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The Day in FoIA: Rise in disabled hate crime, dentist’s hygiene breaches and Ireland’s Stormont facing FOIA battle

Ipswich/Suffolk: Shock rise in reports of hate crime against disabled people in Suffolk

Figures revealed in a Freedom of Information request by the Ipswich Star show that last year there were 165 reports of disablist hate crimes to Suffolk police – a jump of nearly 20 per cent from 138 in 2009/10. So far this year there have been 118 reports.

The reports include 12 instances of people with learning difficulties being assaulted and 19 cases of people with physical disabilities becoming victims of harassment. Bosses at Ipswich-based disability charity Optua said the rise shows disabled people have more confidence now to report the crimes. Read more.

Matt Burn | East Anglia Daily Times | 8th October 2012 |

Dirty dentists putting patients at risk of infection

One in nine dentists inspected by the health care watchdog were found to be in breach of strict guidelines on cleanliness and infection control designed to prevent the spread of conditions such as HIV, hepatitis and vCJD.

Under Freedom of Information laws, The Daily Telegraph obtained a copy of a database detailing the results of inspections by the Care Quality Commission (CQC), the healthcare regulator.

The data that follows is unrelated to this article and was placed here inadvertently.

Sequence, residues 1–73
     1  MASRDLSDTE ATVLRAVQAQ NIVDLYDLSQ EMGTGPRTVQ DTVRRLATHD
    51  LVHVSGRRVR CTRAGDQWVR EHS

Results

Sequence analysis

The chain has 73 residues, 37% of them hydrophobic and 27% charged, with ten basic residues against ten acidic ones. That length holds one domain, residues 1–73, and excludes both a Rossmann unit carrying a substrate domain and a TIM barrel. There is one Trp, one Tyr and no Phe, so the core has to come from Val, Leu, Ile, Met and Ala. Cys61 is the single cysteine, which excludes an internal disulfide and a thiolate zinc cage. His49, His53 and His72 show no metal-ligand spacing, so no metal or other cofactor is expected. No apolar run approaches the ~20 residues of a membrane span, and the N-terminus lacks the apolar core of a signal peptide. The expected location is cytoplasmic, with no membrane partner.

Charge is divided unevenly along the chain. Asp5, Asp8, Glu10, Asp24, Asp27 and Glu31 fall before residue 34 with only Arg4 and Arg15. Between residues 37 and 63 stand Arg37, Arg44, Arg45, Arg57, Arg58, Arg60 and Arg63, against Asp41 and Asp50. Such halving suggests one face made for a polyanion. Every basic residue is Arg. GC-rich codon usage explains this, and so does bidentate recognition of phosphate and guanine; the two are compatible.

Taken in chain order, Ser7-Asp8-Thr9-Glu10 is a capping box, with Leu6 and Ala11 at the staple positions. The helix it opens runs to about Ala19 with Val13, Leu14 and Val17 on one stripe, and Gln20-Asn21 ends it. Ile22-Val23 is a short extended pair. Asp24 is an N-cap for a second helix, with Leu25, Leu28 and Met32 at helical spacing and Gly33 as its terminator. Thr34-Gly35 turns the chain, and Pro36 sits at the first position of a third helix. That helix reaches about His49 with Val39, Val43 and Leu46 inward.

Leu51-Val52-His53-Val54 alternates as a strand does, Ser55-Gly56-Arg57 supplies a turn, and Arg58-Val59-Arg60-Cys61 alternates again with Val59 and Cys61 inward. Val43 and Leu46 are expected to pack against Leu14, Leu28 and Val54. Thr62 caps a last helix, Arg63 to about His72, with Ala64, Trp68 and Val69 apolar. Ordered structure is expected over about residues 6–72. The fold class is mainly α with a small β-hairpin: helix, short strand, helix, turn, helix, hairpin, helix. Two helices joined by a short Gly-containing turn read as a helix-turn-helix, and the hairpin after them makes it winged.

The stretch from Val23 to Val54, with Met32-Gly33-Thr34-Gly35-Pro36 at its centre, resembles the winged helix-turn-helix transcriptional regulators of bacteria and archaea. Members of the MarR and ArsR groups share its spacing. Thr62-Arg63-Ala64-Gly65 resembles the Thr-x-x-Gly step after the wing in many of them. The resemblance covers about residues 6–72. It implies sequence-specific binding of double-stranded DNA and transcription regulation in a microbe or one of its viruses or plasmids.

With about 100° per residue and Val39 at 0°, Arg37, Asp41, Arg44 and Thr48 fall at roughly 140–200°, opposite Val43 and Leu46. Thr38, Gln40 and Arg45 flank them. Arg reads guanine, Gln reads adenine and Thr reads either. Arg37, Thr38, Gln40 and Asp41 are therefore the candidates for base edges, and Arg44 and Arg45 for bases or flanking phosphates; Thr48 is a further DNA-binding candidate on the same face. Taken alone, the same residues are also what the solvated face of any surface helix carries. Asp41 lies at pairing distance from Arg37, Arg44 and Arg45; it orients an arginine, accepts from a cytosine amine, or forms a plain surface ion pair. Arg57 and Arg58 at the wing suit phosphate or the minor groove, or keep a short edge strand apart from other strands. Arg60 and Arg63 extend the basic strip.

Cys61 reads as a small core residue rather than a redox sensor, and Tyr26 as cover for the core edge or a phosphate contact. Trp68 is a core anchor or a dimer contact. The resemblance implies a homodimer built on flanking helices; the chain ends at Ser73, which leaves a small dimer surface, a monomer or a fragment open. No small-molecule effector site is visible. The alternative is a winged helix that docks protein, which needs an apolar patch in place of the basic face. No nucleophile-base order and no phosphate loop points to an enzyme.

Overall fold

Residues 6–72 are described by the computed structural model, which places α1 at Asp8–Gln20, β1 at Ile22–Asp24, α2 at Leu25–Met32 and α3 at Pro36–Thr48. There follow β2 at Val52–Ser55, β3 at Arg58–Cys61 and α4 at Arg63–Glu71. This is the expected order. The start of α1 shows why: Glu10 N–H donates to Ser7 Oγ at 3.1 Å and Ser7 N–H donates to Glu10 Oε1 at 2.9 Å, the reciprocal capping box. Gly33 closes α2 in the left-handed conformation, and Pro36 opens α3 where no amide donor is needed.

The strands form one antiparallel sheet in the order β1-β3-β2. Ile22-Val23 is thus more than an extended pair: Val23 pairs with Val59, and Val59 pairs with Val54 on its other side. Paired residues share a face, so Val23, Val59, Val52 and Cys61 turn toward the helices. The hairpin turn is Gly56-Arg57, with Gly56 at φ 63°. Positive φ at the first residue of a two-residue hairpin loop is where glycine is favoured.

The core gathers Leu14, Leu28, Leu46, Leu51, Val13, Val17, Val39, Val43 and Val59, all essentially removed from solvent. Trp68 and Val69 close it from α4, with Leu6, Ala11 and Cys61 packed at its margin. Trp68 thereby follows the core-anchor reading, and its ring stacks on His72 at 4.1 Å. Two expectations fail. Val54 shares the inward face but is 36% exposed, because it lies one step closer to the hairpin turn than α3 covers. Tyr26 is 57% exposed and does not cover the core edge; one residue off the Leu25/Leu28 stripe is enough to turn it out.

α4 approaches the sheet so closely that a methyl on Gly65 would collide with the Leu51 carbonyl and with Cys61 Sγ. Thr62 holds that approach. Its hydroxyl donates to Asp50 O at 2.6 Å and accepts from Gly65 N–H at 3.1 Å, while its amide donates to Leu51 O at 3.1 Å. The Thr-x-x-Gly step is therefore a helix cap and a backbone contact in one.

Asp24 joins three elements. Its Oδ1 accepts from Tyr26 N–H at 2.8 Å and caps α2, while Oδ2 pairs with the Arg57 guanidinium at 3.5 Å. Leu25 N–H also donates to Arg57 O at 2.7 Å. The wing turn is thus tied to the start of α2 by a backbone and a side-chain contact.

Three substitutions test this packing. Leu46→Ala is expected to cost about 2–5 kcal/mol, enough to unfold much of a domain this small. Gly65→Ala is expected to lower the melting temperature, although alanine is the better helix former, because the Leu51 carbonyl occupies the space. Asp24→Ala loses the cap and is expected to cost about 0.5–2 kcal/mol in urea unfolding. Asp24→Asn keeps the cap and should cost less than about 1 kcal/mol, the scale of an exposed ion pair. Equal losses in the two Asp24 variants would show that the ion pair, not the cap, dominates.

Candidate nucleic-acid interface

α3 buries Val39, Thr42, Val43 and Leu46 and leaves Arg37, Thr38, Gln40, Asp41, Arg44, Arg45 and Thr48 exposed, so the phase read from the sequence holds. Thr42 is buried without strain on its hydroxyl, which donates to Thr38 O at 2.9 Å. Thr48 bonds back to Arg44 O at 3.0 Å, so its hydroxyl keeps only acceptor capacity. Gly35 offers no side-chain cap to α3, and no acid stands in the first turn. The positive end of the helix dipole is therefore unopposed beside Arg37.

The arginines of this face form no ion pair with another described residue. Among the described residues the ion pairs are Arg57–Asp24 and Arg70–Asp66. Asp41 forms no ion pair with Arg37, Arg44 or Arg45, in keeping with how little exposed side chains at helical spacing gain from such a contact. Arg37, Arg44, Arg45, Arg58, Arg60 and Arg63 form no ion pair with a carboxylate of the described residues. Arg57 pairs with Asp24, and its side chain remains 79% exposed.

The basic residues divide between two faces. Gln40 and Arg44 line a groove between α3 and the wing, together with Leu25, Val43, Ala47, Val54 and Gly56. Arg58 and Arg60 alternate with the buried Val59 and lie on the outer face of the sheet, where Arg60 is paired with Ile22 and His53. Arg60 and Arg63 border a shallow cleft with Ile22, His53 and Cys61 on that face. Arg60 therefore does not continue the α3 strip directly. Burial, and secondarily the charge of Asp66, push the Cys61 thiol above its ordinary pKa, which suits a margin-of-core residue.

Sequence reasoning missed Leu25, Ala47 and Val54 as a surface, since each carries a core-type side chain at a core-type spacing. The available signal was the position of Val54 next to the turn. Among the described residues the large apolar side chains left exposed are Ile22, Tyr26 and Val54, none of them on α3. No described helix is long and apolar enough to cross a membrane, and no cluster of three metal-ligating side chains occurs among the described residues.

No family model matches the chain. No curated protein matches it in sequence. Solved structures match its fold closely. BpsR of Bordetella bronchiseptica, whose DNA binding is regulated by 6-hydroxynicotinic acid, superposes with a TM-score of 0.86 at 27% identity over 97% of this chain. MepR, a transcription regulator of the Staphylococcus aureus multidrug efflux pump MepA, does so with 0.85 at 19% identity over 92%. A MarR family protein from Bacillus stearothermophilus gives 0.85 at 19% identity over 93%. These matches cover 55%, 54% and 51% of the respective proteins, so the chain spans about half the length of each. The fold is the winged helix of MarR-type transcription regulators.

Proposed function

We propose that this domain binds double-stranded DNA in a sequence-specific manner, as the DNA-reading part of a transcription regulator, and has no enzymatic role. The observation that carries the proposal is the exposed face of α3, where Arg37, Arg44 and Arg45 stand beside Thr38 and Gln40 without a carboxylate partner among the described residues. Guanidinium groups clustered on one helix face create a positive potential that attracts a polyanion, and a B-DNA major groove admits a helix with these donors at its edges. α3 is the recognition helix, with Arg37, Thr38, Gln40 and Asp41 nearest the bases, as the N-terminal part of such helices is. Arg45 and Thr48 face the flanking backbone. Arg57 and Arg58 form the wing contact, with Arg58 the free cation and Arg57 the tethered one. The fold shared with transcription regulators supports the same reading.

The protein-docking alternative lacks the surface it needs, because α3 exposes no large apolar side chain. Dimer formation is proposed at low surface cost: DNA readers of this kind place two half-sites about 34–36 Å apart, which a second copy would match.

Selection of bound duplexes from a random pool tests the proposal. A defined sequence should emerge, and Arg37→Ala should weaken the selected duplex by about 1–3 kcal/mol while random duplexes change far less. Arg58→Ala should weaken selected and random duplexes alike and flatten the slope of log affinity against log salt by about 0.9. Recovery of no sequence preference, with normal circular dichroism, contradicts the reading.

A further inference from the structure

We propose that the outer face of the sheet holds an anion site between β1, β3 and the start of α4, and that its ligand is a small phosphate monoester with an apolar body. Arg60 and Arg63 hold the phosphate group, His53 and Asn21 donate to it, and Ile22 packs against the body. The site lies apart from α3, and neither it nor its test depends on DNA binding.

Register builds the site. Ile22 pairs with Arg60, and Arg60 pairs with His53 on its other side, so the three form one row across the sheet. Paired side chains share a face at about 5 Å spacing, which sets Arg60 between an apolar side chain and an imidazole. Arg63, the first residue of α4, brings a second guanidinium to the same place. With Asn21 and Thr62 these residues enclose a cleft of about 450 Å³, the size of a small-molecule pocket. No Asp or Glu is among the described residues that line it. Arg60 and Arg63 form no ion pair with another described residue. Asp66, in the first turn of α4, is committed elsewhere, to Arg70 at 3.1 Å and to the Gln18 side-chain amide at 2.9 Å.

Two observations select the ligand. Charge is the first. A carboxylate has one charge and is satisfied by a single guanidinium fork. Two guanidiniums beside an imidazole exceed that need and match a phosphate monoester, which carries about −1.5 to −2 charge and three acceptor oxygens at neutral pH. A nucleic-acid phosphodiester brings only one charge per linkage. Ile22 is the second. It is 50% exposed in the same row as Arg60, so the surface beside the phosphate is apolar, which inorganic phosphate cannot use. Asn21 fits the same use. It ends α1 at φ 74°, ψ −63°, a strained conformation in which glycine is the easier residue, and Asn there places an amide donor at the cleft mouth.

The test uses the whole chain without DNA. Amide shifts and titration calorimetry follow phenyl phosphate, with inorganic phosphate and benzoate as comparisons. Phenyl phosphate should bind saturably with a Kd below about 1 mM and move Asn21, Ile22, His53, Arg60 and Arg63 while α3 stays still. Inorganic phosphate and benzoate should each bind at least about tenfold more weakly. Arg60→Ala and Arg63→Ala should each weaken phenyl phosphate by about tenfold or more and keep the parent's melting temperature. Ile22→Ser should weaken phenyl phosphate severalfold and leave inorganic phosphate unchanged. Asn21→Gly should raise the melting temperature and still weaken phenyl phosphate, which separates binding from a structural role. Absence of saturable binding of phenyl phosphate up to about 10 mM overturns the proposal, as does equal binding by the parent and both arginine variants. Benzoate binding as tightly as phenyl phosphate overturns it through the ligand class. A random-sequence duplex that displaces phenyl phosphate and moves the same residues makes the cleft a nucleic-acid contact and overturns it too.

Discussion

An analysis reveals that of the 1,667 dental practices inspected by the CQC last year, 189 were found to not be following Department of Health instructions on how to clean instruments and surgeries. Some 8,100 dentists are registered in England. Read more.

Matthew Holehouse | The Telegraph | 7th October 2012 |

Ireland: Stormont facing Freedom of Information legal battle

PETER Robinson and Martin McGuinness’s Stormont department is facing unprecedented legal action as its failure to answer a Freedom of Information request threatens to enter the courts, the News Letter can reveal.

In recent years the Office of the First Minister and Deputy First Minister (OFMDFM) has acquired a reputation as Stormont’s most closed department and last year it was threatened with an investigation after refusing to answer a series of requests from the News Letter.

However, a retired civil servant who asked for information about the law which exempts Roman Catholic schools from fair employment legislation has now filed for leave for judicial review after more than 300 days passed without a response – far beyond the legal time limit of 20 days. Read more.

Sam McBride | Newsletter | 7th October 2012 |

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